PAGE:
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18 July 2017Americas

Federal Circuit finds Millennium’s cancer drug to be novel

The US Court of Appeals for the Federal Circuit has reversed and remanded a decision from a district court which ruled that a patented Millennium Pharmaceuticals cancer drug was invalid.

In the  decision, handed down yesterday, July 17, the Federal Circuit found that Velcade (bortezomib) is novel.

The case arose after generic companies filed Abbreviated New Drug Applications (ANDAs), admitting infringement of Millennium’s patent and seeking to invalidate it.

The patent involved is US number 6,713,446, titled “Formulation of boronic acid compounds”.

Some of the generic companies that filed ANDAs were Sandoz, Mylan, Dr Reddy’s, Teva and Apotex.

After the generic companies each filed an ANDA seeking Food and Drug Administration approval, Millennium filed patent infringement suits alleging that the products infringed the ‘446 patent.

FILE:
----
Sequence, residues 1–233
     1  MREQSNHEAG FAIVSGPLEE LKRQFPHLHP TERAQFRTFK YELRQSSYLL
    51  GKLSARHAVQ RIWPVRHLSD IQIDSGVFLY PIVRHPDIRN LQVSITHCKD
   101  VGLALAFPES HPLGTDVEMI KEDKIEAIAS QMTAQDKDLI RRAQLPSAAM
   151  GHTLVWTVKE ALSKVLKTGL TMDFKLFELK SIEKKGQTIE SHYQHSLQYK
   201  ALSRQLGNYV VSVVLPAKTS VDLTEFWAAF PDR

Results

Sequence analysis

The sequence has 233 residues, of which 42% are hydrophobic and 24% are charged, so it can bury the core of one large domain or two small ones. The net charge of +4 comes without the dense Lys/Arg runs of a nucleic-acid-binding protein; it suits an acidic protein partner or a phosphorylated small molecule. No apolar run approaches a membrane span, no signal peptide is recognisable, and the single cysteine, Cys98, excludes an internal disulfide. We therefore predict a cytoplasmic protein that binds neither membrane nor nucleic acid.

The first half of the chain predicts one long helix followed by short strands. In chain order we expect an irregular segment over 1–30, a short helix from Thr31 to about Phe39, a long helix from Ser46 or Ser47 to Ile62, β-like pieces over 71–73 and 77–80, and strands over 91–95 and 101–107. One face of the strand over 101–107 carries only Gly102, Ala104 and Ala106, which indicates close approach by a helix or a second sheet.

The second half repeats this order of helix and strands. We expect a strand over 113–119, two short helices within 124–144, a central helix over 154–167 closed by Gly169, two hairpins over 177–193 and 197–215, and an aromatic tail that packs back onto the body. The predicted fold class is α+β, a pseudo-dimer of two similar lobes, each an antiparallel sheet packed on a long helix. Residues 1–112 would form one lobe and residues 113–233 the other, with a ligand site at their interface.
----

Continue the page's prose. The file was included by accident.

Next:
The US District Court for the District of Delaware held that the patent was obvious because it was the “inherent result of an allegedly obvious process”.

Millennium appealed.

The Federal Circuit said: “On review of the record and the applicable law, we conclude that the district court erred in the Sandoz litigation and that invalidity was not established.”

It added: “We reverse and enter judgment in favour of Millennium in the Sandoz litigation.”

Dr Reddy’s and Mylan were part of the Sandoz litigation.

“We also vacate the district court’s judgment in the action between Millennium, Teva, and Apotex based on our decision in the Sandoz litigation and remand that action for further proceedings.”

According to the Federal Circuit ruling, Apotex, Teva, and Millennium have agreed that because the Sandoz case has been reversed, the litigation between them should be vacated and remanded.

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